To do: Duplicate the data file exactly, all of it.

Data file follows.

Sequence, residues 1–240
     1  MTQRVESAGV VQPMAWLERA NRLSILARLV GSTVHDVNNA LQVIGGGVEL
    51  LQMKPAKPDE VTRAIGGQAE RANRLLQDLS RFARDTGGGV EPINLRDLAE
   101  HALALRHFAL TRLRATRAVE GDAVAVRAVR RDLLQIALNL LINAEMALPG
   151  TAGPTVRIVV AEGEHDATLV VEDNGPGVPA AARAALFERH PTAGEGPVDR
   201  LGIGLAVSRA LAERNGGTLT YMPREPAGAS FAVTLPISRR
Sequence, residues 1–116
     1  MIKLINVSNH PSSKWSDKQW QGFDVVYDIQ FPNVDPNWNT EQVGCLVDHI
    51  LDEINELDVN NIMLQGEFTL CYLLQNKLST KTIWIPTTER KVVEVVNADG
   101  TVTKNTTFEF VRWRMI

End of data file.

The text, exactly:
Sequence, residues 1–240
     1  MTQRVESAGV VQPMAWLERA NRLSILARLV GSTVHDVNNA LQVIGGGVEL
    51  LQMKPAKPDE VTRAIGGQAE RANRLLQDLS RFARDTGGGV EPINLRDLAE
   101  HALALRHFAL TRLRATRAVE GDAVAVRAVR RDLLQIALNL LINAEMALPG
   151  TAGPTVRIVV AEGEHDATLV VEDNGPGVPA AARAALFERH PTAGEGPVDR
   201  LGIGLAVSRA LAERNGGTLT YMPREPAGAS FAVTLPISRR
Sequence, residues 1–116
     1  MIKLINVSNH PSSKWSDKQW QGFDVVYDIQ FPNVDPNWNT EQVGCLVDHI
    51  LDEINELDVN NIMLQGEFTL CYLLQNKLST KTIWIPTTER KVVEVVNADG
   101  TVTKNTTFEF VRWRMI